The new accolade goes to Flocons de Sel, housed in a chalet in the mountains of Megeve, in the Rhone-Alpes region of southeastern France. Chef Emmanuel Renaut is known for modern seasonal dishes such as a mille-feuille made with vegetables.
“With an expanding array of culinary trends and a constant focus on ingredients, high standards of cooking and renovated interiors, the French restaurant industry is being revitalized and transformed,” Michelin said today in an e-mailed release.
Ten more restaurants were awarded a second star, taking the total to 83, and 58 gained their first, making 485. The 26 three-star total compares with 32 in Japan: 17 in the Tokyo region and 15 in the west of that country. Japan took the lead last year, when it had 26 three stars, versus 25 in France.
The new two stars in France include two in Paris: Sur Mesure par Thierry Marx, in the Mandarin Oriental hotel; and L’Abeille, in the Shangri-La, under chef Philippe Labbe.
Also in Paris, single stars go to Kei, Sola, La Truffiere, Le Diane, Le 39V, Le Lumiere, Cobea, Le Quinzieme-Cyril Lignac, Akrame, Shang Palace, and Les Tablettes de JL Nomicos. British chef Gordon Ramsay retains two stars for his restaurant in Versailles.
Le Jardin des Sens, in Montpelier, and La Madeleine, in Sens, drop to one star from two. Among venues losing their single stars, six are in Paris: Fogon, Jacques Cagna, Sensing, L’Angle du Faubourg, Le Passiflore and La Table du Baltimore.
Three stars mean exceptional cuisine, worth a special journey; two stars are for excellent cooking, worth a detour; one star denotes a very good restaurant in its category.
Various criteria are used for stars: food quality, preparation and flavors; the chef’s personality as revealed through the cuisine; value for money; and consistency over time and across the menu.
Seven restaurants in New York hold three Michelin stars: Chef’s Table at Brooklyn Fare, Daniel, Eleven Madison Park, Jean Georges, Le Bernardin, Masa and Per Se. The total for the U.S. is 10, with the French Laundry and Restaurant at Meadowood recognized in the San Francisco guide and Alinea in Chicago.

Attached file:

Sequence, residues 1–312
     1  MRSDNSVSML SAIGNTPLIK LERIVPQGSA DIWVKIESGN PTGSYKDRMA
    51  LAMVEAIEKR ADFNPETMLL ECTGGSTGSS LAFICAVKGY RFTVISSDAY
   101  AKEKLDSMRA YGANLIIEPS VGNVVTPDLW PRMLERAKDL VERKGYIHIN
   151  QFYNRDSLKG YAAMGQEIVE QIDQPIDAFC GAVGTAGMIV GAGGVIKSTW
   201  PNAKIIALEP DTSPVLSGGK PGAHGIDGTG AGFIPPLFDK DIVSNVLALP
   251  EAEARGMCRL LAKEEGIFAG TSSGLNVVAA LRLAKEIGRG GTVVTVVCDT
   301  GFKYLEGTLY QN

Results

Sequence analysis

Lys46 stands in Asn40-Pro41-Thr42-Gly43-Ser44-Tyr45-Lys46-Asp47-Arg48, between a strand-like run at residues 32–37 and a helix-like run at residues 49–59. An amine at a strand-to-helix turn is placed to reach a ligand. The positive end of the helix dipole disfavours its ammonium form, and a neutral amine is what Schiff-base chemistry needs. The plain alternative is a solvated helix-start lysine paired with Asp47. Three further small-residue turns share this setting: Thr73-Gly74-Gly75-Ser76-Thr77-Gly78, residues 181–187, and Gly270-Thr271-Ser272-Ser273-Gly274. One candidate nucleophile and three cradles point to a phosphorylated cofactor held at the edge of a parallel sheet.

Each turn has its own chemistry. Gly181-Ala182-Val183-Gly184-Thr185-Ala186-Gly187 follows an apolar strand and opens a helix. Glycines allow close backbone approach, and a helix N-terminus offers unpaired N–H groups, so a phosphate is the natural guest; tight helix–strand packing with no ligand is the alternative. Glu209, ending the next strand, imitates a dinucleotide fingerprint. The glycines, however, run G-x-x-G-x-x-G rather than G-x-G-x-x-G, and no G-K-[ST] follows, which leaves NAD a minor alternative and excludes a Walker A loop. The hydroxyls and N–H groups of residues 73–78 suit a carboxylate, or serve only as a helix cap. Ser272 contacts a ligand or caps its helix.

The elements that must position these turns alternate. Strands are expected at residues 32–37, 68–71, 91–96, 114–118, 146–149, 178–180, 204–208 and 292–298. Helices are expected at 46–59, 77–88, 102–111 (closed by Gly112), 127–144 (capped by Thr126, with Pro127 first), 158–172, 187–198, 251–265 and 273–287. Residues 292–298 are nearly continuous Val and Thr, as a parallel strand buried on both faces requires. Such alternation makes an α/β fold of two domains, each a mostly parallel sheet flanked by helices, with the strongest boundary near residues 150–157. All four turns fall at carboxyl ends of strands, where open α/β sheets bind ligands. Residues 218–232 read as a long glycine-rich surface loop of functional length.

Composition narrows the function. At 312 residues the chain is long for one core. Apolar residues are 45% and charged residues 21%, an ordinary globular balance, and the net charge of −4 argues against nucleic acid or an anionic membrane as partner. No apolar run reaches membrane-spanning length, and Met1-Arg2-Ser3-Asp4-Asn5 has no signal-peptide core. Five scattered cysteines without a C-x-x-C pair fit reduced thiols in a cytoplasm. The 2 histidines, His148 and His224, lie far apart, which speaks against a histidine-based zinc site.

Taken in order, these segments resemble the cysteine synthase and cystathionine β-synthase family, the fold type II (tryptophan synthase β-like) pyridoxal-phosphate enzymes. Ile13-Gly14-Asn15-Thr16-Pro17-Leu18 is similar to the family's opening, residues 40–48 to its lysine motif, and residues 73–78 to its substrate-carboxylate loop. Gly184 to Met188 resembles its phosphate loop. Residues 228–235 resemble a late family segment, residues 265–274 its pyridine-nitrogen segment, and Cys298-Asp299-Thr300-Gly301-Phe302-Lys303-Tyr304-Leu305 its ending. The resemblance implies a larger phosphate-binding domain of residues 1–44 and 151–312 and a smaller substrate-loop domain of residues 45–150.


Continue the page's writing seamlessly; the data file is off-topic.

Clermont-Ferrand, France-based Michelin is the world’s second-biggest tiremaker, after Bridgestone Corp. The company published its first guide in August 1900, distributed free of charge (until 1920) and intended for chauffeurs. France is the last of the 2012 national guides to be published.
The guide goes on sale on March 1.
Here are France’s three-star restaurants, with the town followed by the establishment’s name:
Baerenthal/Untermuhlthal, L’Arnsbourg Chagny, Maison Lameloise Eugenie-les-Bains, Michel Guerard Fontjoncouse, Auberge du Vieux Puits Illhaeusern, Auberge de l’Ill Joigny, La Cote St-Jacques Laguiole, Bras Lyon, Paul Bocuse Marseille, Le Petit Nice Megeve, Flocons de Sel Monte-Carlo/Monaco, Le Louis XV-Alain Ducasse Paris 1, Le Meurice Paris 4, L’Ambroisie Paris 7, Arpege Paris 8, Alain Ducasse au Plaza Athenee Paris 8, Epicure Paris 8, Ledoyen Paris 8, Pierre Gagnaire Paris 16, Astrance Paris 16, Le Pre Catelan Paris 17, Guy Savoy Roanne, Troisgros Saint-Bonnet-le-Froid, Regis et Jacques Marcon Saulieu, Le Relais Bernard Loiseau Valence, Pic Vonnas, Georges Blanc
(Richard Vines is the chief food critic for Muse, the arts and leisure section of Bloomberg News. He is U.K. and Ireland chairman of the World’s 50 Best Restaurants awards. Opinions expressed are his own.)
To contact the editor responsible for this story: Manuela Hoelterhoff at firstname.lastname@example.org.